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The end of the 2023 Australian Open is approaching with the men's semifinals underway and the women's final stage officially set. This competition has already seen it all, from weather delays, late-night battles and shocking upsets. Players are competing for a record pool of $76.5 million in prize money, and there is no shortage of interesting storylines:

  • Novak Djokovic, who has won at Melbourne Park a record nine times, is just one Grand Slam title shy of tying Rafael Nadal's career record of 22 major titles. Djokovic was deported from Australia a year ago because of his unvaccinated COVID-19 status, but he is back in Melbourne after the country relaxed its vaccine restrictions. He crushed the quarterfinal round with a straight-set victory over Andrey Rublev. His next opponent is unseeded American Tommy Paul.
  • Paul reached the first major semifinal of his career and has become just the fourth American man to make a Grand Slam semifinal since 2017. He is not one to overlook as he made the fourth round at last year's Wimbledon and the third round of the US Open. The 25-year-old can also brag about top wins over top opponents including Carlos Alcaraz, Rafael Nadal, Andy Murray and Alexander Zverev.
  • No. 3 seed Stefanos Tsitsipas was the first player in the men's competition to earn a ticket to the semifinals after defeating Jiri Lehecka 6-3 7-6 (7-2) 6-4 on Tuesday. He is taking on Karen Khachanov for a chance to reach the final, and if he wins the whole thing, Tsitsipas could likely rise to No. 1 in the ATP Rankings for the first time.
  • Nadal, last year's Australian Open winner, was looking to defend his title as the No. 1 seed but fell to Mackenzie McDonald in the second round after he aggravated a hip injury during the second set. This was Nadal's earliest exit from a Grand Slam since the 2016 Australian Open. No. 2 seed Casper Ruud was also ousted in the second round as American Jenson Brooksby pulled off a 6-3 7-5 6-7 (4-7) 6-2 upset.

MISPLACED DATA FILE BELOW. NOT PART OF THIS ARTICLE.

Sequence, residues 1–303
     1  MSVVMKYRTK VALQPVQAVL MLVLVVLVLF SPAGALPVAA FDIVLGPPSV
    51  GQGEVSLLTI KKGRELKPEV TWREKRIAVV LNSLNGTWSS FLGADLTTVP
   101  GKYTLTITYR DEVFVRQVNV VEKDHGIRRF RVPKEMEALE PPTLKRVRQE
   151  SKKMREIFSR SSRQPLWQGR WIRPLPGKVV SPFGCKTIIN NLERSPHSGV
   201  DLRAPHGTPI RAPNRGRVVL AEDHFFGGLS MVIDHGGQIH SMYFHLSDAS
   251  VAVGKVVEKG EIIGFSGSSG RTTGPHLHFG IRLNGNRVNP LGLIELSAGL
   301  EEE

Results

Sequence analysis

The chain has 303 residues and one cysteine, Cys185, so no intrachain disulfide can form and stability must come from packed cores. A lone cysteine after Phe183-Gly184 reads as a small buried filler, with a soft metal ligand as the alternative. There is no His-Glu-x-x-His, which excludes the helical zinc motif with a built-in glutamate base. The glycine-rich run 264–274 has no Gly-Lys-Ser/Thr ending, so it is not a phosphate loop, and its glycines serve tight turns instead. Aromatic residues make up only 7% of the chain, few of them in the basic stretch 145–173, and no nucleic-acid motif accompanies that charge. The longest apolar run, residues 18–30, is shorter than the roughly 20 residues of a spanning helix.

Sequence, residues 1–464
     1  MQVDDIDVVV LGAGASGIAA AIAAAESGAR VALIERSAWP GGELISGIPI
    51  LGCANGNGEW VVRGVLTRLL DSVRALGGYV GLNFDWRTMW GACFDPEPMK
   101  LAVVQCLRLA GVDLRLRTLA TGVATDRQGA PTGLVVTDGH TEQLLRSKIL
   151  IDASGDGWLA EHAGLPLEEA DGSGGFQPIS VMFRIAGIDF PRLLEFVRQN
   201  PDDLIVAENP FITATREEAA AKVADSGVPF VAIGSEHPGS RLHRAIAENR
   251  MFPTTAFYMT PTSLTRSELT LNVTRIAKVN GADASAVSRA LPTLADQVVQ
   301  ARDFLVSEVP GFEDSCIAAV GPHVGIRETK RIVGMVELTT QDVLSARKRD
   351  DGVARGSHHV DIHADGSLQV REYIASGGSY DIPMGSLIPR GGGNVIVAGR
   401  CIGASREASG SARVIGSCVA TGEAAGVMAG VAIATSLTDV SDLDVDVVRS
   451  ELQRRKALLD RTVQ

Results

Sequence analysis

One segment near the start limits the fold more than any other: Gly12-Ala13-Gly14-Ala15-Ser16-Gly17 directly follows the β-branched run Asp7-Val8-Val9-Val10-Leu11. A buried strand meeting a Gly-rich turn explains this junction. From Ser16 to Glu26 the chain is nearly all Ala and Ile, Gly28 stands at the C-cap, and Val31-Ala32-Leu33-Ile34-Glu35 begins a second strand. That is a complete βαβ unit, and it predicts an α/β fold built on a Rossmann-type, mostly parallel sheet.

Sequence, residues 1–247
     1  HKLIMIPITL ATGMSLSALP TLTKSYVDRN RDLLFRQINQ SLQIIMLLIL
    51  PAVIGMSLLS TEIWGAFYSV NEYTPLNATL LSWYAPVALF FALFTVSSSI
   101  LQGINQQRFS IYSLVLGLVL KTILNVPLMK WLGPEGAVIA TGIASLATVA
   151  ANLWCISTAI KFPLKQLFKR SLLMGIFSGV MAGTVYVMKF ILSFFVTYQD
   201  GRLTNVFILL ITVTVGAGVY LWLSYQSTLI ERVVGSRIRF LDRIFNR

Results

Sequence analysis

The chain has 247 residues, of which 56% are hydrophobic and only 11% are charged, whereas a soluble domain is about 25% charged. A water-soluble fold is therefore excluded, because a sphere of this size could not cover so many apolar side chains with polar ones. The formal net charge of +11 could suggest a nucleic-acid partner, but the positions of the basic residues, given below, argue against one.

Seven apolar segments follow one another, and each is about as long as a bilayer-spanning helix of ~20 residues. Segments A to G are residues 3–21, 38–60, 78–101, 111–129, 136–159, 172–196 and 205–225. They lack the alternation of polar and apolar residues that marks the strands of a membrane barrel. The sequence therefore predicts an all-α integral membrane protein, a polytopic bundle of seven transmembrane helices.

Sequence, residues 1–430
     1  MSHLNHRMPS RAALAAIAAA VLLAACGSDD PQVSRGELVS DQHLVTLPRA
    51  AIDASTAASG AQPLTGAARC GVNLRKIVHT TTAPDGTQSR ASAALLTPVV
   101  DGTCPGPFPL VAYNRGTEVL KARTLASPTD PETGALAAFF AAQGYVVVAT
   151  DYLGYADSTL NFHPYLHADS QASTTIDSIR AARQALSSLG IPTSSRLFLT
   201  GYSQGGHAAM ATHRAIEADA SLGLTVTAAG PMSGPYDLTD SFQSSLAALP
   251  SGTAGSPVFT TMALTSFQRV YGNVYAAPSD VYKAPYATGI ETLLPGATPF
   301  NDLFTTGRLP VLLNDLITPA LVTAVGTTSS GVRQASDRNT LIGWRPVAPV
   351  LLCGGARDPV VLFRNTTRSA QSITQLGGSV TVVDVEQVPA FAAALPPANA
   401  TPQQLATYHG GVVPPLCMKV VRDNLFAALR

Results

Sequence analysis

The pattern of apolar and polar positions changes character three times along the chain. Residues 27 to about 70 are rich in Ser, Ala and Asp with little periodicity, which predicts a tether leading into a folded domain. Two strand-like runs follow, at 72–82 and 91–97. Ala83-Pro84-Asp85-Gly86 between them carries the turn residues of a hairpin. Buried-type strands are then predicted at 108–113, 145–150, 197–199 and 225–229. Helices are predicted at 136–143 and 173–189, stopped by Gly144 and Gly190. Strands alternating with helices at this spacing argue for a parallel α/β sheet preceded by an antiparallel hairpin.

The men's competition is missing world No. 1 Carlos Alcaraz, who pulled out due to a right leg injury he sustained in training. Also missing will be Marin Cilic, a former finalist in Melbourne Park, due to an injury.

On the women's side, the 2022 Australian Open winner Ashleigh Barty will not defend her singles title as she retired from tennis last year. Venus Williams, who was awarded a wild card entry, was getting ready to compete in her 22nd Australian Open but had to pull out due to an injury sustained at the ASB Classic in New Zealand. Naomi Osaka, who made a pregnancy announcement earlier this week, is not competing this month. 

With those stars absent, this year's tournament is very much up for grabs.

  • No. 5 seed Aryna Sabalenka has yet to drop a set in 2023. She has officially reached her first ever Grand Slam final after a 7-6 (7-1), 6-2 win over Magda Linette. The 24-year-old has now won 10 matches in a row, including a career-best 20 consecutive sets. Sabalenka will battle reigning Wimbledon champion Elena Rybakina for the Daphne Akhurst Memorial Cup.